There’re so many different types of anxiety that can show up and steal perfectly enjoyable moments from our lives. It’s a beast of an emotion that can range from mildly uncomfortable to utterly crippling. In the simplest of terms, Anxiety is Worry. To which degree that we stress and worry is what increases or decreases our anxiety.
Anxiety seems to be the new buzz word given our fast moving society and need to always be one step ahead of the game. As a therapist, it’s a common symptom that brings many clients into my office.
As always, when we gain more knowledge about a topic, it becomes less scary. When something becomes less intimidating, we’re able to battle it with more confidence and success. This forces the beast (anxiety) to lose its power in order for us to allow it to pass and be gone.
With that said, I’ll point out 5 different types of anxiety, discuss what they look like and how to deal with them. After all, the trick is to No thy enemy, right?
1. Generalized Anxiety
Generalized Anxiety is one of the more common types of anxiety. In a nutshell, generalized anxiety is described as having an excessive and exaggerated sense of worry about everyday life events for no obvious reasons.
When it comes down to it, stress is stress, regardless of whether the worry is factually legit or not. Events can be benign and simple, yet cause us a ton of angst.
Generalized anxiety has the ability to lower the quality of our life as it grows and becomes louder. A little worry here or there, can be typical, although when worry turns to stress and daily rumination about all the things that could go wrong is standard, this type of anxiety can start quickly over taking our lives.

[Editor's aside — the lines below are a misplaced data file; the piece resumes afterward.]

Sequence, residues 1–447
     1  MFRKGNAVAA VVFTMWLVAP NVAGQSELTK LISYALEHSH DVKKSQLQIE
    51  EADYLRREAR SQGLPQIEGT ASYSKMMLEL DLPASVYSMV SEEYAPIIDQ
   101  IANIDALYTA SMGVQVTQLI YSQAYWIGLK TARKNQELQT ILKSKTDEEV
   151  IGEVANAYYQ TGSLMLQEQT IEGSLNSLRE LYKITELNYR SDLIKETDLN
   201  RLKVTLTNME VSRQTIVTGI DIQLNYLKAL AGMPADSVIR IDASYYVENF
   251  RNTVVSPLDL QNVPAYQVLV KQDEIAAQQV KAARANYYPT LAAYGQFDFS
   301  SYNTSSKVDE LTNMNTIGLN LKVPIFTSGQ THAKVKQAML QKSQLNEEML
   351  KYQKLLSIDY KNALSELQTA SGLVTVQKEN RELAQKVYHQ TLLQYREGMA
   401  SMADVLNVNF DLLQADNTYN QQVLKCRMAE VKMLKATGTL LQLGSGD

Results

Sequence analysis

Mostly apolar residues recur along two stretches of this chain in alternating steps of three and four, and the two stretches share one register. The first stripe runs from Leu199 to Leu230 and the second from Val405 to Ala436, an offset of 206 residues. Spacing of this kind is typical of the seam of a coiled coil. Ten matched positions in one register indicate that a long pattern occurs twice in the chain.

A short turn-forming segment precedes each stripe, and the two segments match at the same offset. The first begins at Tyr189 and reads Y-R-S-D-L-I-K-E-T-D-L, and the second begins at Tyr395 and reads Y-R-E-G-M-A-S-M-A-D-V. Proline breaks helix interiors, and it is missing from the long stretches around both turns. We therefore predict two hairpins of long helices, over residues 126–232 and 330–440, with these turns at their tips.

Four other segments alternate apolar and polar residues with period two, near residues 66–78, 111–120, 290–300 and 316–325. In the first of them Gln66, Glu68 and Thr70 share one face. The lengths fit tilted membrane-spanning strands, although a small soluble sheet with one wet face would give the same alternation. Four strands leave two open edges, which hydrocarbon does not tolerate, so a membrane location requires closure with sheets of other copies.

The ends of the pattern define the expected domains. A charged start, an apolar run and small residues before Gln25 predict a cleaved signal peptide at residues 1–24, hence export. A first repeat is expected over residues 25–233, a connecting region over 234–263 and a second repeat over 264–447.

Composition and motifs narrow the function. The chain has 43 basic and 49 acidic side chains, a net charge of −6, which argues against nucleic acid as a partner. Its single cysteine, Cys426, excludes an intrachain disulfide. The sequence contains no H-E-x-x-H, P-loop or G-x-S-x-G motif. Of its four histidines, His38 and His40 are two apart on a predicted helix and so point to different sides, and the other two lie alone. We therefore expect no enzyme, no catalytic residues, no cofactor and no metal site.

2. Obsessive Compulsive Disorder
People with obsessive compulsive disorder can have obsessive thoughts and urges or compulsive, repetitive behaviors. Some individuals diagnosed have both obsessions and compulsions.
With OCD, your thoughts and actions feel uncontrollable, therefore you feel unable to function normally, which greatly effects everything in your life. Work, school, relationships, you name it, suffers because of the fixated need and want to do the compulsive behavior or obsession.
Obsessive thoughts can range from the need for things to be in a particular order to a fear of hurting one self. Compulsive habits can be anything from repeatedly washing hands to checking if the lights are turned off several times more than necessary. These “ritualistic” behaviors are unique to the person and can effect anyone who loves them.
As it sounds, this disorder tends to be more obvious since the behaviors or thoughts encourage a person to do behaviors in ways that go out of the realm of what is deemed “normal.”
3. Social Anxiety Disorder
Social Anxiety is when the thought or actual interacting with other people causes irrational anxiety. The irrational fears can show up in a variety of ways; worrying about how the interaction is going to go, if judgement will occur, fear of embarrassment and concern around saying something “wrong” or “foolish.”
Social anxiety is very isolating which further perpetuates the unhealthy cycle of keeping to one’s self and strengthening delusional fears due to isolation.
4. Post Traumatic Stress Disorder
Defined by WebMD,((WebMD: Posttraumatic Stress Disorder))